Amos also describes Israel as being in a time of prosperity before the collapse of the nation toward the end of the eighth century B.C. Hebrew words are used throughout Amos’ narrative that is consistent with the traditional dating of the text.
The downfall of Israel would occur only several decades after Amos penned his prophecies.
The Book of Jonah
Jonah is a well-known Prophet due to the famous tale of his being swallowed by a “great fish” and then vomited out on land three days later. The narrative is used by Christ centuries later when describing how he would come back to life on the third day after his crucifixion.
Revisionists suggest the account of Jonah was written by some motivated scribe about 450 BC in an “angered response” to Ezra and Nehemiah forbidding interracial marriage with Gentiles (something also prohibited under Mosaic law).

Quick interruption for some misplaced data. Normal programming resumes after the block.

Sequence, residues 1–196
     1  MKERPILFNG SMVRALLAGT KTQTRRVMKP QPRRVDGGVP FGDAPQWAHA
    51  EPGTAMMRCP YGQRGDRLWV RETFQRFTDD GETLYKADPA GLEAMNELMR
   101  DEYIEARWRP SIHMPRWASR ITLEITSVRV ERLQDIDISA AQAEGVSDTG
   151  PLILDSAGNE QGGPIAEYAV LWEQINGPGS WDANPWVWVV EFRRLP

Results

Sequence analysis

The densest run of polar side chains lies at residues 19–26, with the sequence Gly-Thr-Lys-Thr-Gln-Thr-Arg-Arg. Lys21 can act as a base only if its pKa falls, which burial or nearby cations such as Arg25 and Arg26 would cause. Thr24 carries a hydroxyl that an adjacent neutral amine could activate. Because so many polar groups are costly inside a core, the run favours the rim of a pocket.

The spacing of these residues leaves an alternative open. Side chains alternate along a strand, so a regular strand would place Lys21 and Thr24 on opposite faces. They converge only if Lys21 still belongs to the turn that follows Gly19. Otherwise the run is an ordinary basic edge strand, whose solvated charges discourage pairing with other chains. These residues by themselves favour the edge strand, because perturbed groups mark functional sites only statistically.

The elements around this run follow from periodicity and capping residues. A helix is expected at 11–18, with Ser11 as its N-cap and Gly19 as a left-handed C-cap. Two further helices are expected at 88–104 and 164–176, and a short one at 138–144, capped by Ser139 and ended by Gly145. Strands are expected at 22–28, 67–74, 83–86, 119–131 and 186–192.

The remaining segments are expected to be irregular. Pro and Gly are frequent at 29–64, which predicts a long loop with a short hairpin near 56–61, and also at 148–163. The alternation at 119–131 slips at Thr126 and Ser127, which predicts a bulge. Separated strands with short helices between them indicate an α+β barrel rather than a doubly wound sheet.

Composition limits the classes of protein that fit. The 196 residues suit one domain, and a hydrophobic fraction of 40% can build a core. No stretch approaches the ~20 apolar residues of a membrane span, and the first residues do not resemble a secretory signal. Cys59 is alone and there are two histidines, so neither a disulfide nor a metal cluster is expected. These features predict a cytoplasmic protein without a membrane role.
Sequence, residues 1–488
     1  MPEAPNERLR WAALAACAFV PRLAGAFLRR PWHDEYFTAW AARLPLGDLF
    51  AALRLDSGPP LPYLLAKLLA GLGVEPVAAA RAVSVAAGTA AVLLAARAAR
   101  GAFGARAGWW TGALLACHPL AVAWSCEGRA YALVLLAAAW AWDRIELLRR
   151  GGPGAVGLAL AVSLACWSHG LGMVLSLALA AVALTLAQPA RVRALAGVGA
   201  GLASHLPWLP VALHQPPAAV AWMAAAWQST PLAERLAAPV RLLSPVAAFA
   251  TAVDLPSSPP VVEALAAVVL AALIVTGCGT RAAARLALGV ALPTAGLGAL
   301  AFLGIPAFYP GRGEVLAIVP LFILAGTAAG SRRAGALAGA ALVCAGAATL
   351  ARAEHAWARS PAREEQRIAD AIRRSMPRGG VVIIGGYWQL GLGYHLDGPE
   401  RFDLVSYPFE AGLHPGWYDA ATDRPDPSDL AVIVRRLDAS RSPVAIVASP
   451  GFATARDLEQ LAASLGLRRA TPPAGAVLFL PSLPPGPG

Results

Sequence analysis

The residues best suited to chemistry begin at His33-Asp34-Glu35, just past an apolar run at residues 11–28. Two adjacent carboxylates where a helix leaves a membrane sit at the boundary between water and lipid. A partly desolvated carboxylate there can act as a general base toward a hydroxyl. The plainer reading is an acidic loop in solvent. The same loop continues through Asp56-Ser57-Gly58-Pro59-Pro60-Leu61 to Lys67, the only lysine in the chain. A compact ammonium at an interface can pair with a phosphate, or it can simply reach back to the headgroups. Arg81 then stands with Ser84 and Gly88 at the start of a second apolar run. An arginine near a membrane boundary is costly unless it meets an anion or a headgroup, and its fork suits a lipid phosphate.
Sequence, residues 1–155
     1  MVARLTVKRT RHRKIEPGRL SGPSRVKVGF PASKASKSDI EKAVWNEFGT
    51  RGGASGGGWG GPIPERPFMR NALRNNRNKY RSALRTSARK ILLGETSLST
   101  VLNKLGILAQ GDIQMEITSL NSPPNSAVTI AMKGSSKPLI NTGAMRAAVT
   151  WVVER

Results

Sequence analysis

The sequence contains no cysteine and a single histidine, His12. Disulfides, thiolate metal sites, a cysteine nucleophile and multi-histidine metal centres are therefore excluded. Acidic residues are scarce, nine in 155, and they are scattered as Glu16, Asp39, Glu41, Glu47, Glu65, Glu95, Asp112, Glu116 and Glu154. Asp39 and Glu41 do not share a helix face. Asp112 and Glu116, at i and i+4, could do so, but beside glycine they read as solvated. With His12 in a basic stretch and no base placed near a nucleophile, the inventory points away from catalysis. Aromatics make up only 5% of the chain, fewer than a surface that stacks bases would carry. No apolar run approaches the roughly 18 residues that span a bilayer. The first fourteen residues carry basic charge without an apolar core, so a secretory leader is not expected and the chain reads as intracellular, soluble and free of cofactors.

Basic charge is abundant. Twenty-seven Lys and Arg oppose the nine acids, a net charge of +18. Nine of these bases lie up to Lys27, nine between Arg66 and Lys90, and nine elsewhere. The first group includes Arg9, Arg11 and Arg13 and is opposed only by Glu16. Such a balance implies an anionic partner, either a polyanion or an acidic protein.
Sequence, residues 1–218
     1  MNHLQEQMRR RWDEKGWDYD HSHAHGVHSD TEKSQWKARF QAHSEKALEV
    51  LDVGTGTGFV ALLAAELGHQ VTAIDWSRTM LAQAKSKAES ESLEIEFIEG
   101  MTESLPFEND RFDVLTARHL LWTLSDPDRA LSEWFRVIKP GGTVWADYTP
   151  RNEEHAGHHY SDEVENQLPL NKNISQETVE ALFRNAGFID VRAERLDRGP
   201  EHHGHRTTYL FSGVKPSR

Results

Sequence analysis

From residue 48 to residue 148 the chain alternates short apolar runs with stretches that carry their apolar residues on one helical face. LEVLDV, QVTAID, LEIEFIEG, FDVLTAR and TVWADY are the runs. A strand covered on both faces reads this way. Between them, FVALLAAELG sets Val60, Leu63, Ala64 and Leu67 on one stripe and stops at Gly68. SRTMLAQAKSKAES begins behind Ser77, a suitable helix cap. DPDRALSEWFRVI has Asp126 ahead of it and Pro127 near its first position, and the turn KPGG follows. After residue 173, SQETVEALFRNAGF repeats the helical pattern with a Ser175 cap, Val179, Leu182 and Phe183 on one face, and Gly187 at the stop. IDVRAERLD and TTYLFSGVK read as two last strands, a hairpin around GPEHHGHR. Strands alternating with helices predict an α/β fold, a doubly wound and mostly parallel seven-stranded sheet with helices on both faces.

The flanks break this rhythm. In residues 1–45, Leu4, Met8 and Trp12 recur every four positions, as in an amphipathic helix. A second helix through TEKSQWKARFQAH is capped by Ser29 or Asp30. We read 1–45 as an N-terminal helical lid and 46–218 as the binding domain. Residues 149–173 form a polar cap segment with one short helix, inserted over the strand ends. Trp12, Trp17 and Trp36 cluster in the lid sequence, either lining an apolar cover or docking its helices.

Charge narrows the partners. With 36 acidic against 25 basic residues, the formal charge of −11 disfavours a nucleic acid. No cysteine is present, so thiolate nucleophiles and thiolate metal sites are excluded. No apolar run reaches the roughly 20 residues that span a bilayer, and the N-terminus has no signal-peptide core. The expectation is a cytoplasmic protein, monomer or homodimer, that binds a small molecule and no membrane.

Jonah does provide some details suggesting he was familiar with the city itself, and not just writing about an event alleged to have occurred centuries after Ninevah’s destruction. For example, Jonah notes that the city was massive, being a “three days journey” (Jonah 3:3) from one end to the other. Modern archaeological excavations have documented the city – plus its suburbs – to be about sixty miles across, taking about three days walking time to navigate. The city occupied about 1,730 acres giving plenty of room for the population Jonah ascribed of about 120,000 people (Jonah 4:11).
The writing of Jonah also suggests authenticity. There are no Persian words as might be expected from a book written after the return from Persian captivity. Furthermore, Jonah used several Aramaic words consistent with a remote date as well.